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Bridget Jones's Baby: The Diaries

The newest of the Bridget Jones chronicles is, like all of Helen Fielding’s novels, well paced and well crafted, as symmetrical and solidly constructed as an Oreo, after all.

Mister Monkey

In what presents itself as a modest, mischievous little novel, Francine Prose has, modestly and mischievously, given us a great work.

Future Sex

Though “Future Sex” isn’t as much about the future as its title suggests, it is a smart, funny, beautifully written account of contemporary women trying to understand their sexual desires — and fashion physically and emotionally safe ways to express them.

The Chosen Ones

Sem-Sandberg’s precise, resolutely nonpoetic prose is highly effective, even in translation, and appears to be a conscious refusal of aestheticism: The brutality of the subject requires a brutal style.

How to See: Looking, Talking, and Thinking about Art

“How to See” is lovely to read, mostly, because Mr. Salle can actually write.

American Ulysses: A Life of Ulysses S. Grant

I wish that “American Ulysses” delved more deeply into Grant’s contradictions, yet agree with its final tally. White delineates Grant’s virtues better than any author before, and they outweighed his flaws.

Eyes on the Street: The Life of Jane Jacobs

In the introduction, editors Samuel Zipp and Nathan Storring extol Jacobs’ “radical pragmatism.” This phrase captures her vivid force more deeply than all of Kanigel’s prose, and it’s why the best aspects of her work will always stay fresh.

The Pigeon Tunnel: Stories from My Life

“The Pigeon Tunnel” finds its 84-year-old author in fine form and good humor. His personal revelations are mild and therefore perhaps disappointing, but fans of le Carré will be mostly content he chose to expose himself to the light of public scrutiny at all. May he continue to soar for some time still.

The Angel of History: A Novel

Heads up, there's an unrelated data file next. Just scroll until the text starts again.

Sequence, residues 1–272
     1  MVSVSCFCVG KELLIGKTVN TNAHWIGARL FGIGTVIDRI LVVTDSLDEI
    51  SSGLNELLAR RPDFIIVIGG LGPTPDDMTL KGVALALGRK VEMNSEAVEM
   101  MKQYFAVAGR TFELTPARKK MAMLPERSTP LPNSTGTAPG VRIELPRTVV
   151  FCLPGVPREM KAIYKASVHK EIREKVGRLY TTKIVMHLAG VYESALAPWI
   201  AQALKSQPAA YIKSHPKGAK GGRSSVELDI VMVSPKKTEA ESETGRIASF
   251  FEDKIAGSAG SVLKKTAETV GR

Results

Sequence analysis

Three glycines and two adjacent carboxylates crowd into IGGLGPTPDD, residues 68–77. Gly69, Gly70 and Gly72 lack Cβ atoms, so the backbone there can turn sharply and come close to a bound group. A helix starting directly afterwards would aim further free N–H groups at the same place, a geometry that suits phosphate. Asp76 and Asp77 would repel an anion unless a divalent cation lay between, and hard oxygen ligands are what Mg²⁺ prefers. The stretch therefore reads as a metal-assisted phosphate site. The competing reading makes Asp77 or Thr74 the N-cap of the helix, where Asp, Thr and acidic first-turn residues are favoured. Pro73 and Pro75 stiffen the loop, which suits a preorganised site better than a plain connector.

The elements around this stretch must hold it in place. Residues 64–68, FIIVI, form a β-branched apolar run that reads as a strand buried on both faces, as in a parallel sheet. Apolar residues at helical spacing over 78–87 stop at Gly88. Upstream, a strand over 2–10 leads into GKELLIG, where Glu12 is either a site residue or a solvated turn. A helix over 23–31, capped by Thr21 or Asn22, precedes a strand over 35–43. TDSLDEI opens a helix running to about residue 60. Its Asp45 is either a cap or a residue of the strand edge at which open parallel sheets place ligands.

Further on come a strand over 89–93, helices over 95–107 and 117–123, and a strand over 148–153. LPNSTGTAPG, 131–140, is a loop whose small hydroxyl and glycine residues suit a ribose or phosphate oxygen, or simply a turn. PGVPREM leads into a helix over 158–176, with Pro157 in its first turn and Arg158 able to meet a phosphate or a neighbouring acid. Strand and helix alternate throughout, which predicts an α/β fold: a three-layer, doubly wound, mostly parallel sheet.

To dwell within Jacob’s mind and to read Alameddine’s prose is to see loss, if not mastered, then at least made into lively and living art.

Shirley Jackson: A Rather Haunted Life

Much of Jackson’s writing is a weird, rich brew, and Franklin captures its savor. I may have been captivated by Stanley Hyman’s personality, but after this biography, I will go back and read Jackson herself.

Future Sex

“Future Sex” transports us into this anticorporate bacchanal, so it’s a letdown to end on a decidedly sterile scene: a lunch of quinoa and green juice on the Facebook campus.

How to Make a Spaceship: A Band of Renegades, an Epic Race, and the Birth of Private Spaceflight

“How to Make a Spaceship” is like the vessel it portrays: imperfect and a bit patched together, but ultimately flight-worthy and impressively ambitious.

Greetings from Utopia Park

Hoffman supplies no easy answers. She doesn’t regret her childhood, which comes across at times like a state of magic, but thoughtfully and with great grace, she alters what she learned in her past to fit what she truly needs now.

Perfume River: A Novel

This novel is more a meditation than a page-turner; it’s mournful, with a literal funeral at its turning point. In spite of its various points of view, it returns, as it must, to the protagonist, a man in need of a reckoning.


Replica is at the very least creative and entertaining as only action-adventures can be.

Shallow Graves

It's a great debut and a satisfyingly dark and quirky read!

Devil Sent the Rain

Turner does well in organically weaving both the past and present together - for the purposes of the overall mystery, of course, but also giving readers enough information about Able to really make them connect with him.

The Abandoned Heart: A Bliss House Novel

The Abandoned Heart is a dark read. The whole series is, if you haven't gathered. It's a worthy end - or beginning - to the series. I had the opportunity to read it over the summer and have had to bite my tongue ever since!

News of the World

I loved the scenery painted by Jiles's prose. I am, somewhat, familiar with modern day Texas but admittedly haven't roamed the countryside that much.

The Nix: A novel

If you’re looking for a book that will keep you entertained and also make you think, and will take more than a couple of nights to read, you can’t go wrong with The Nix.